Although the city hosts the iconic comic book museum – the Belgian Comic Strip Centre – it also boasts several murals devoted to characters like Lucky Luck, The Smurfs, Gaston Lagaffe, Tintin and Spirou. These murals illuminate the side of buildings and are so prevalent you can even book a guided bike or walking tour to see some of the most popular ones.
If you prefer to tour them independently, pick up a map and head off for a self-guided exploration. Be sure to have your camera ready when you check out Brousaille Wall, Victor Sackville Wall, Le Jeune Albert Wall and Olivier Rameau’s Wall.
23. Bois de la Cambre
If you want to relax during your visit to Brussels, there is no better place to do this than at The Bois de la Cambre.
One of the larger public recreational spaces in the city, the park was named after La Cambre Abbey. Its layout is reminiscent of the manicured parklands of England and features immaculately cut grass and bosky woodland. There is a lovely path to go walking or jogging on, and children will enjoy the opportunity to play on the playground or go on a pony ride.
Set within the center of the park, Chalet Robinson sits on Robinson Island. There you will find a terrific restaurant and will be able to rent out pedalos or boats and partake in a friendly game of pétanque.
22. Horta Museum
If you are a fan of the Art Nouveau movement, make sure you take the opportunity to visit The Horta Museum.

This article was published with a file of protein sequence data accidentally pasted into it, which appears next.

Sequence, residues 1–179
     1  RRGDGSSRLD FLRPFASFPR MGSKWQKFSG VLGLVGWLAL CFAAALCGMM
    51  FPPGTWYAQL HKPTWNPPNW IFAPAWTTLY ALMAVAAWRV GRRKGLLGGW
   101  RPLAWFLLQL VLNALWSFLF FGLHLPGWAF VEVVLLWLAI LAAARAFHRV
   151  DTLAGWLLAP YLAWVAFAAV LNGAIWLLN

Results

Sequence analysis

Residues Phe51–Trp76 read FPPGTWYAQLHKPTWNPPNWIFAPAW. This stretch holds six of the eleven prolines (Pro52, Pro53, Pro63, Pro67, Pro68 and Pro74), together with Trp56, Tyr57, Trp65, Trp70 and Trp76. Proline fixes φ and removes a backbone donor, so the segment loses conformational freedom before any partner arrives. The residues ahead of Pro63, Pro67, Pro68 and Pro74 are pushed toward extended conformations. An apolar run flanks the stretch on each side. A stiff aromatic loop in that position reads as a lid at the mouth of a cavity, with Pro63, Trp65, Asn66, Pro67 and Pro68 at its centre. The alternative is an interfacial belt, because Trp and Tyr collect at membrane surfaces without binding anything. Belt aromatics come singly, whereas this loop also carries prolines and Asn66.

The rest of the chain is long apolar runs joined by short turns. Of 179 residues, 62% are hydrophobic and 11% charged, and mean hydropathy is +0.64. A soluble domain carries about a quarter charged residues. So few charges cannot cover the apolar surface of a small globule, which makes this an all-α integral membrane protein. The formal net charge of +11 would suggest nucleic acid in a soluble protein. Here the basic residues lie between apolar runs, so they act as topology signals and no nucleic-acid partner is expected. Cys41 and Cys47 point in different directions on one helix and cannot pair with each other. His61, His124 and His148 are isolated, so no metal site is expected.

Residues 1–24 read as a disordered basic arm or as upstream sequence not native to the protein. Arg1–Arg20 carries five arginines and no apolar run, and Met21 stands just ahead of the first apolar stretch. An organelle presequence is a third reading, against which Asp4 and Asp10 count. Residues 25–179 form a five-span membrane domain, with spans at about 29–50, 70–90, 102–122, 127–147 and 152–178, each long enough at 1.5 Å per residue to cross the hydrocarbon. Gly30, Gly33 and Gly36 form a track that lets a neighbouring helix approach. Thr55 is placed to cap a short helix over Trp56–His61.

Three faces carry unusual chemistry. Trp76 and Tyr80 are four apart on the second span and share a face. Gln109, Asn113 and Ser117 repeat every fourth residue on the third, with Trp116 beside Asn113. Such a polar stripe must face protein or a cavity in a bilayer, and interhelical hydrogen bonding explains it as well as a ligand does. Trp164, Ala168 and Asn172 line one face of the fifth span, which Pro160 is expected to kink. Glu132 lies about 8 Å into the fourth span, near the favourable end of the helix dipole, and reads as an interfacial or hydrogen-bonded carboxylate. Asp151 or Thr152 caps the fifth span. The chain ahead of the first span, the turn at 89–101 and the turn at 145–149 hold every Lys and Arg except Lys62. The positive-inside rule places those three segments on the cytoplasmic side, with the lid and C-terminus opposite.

Situated on Rue Américaine, this museum is devoted to the life, vision, philosophy and work of the acclaimed architect Victor Horta. Presented in his former townhouse residence, which dates back to 1898, the museum features on UNESCO’s World Heritage list.
The museum showcases permanent displays of furniture, art objects and utensils. All of which were designed by Horta and his peers. You can also see documents that convey certain aspects of his life and the time. In addition, the museum showcases temporary exhibitions that further highlight the excellence of the man and his art. If you go there, be warned photography is not allowed in the museum.
You might be aware of the European Parliament. But do you know what it does and how it may impact your everyday life? Well, if not, then you might want to pay a visit to the Parlamentarium.
Situated within the impressive Espace Léopold on Place du Luxembourg, this serves as the visitor center for the European Union. Opened in 2011, it features notable attractions like a role-playing game, a massive interactive floor map and a 360° cinema.
Whilst at the Parlamentarium, you can do a self-guided tour – which is available in 24 languages. During it, you will gain a deeper insight into the sometimes maligned institution and learn more about what they are doing to counter some of the continent’s most pressing issues.
20. Museum of Natural Sciences
Are you fascinated by dinosaurs? Then pencil in a trip to the Museum of Natural Sciences.
You will have to head to Rue Vautier 29 to do so. But once you are there, you will experience the wonders of The Dinosaur Hall. Officially the largest museum hall in the world solely devoted to dinosaurs, it features the famous Ishango bone that the Belgian geologist Jean de Heinzelin de Braucourt discovered in 1960 in the Belgian Congo.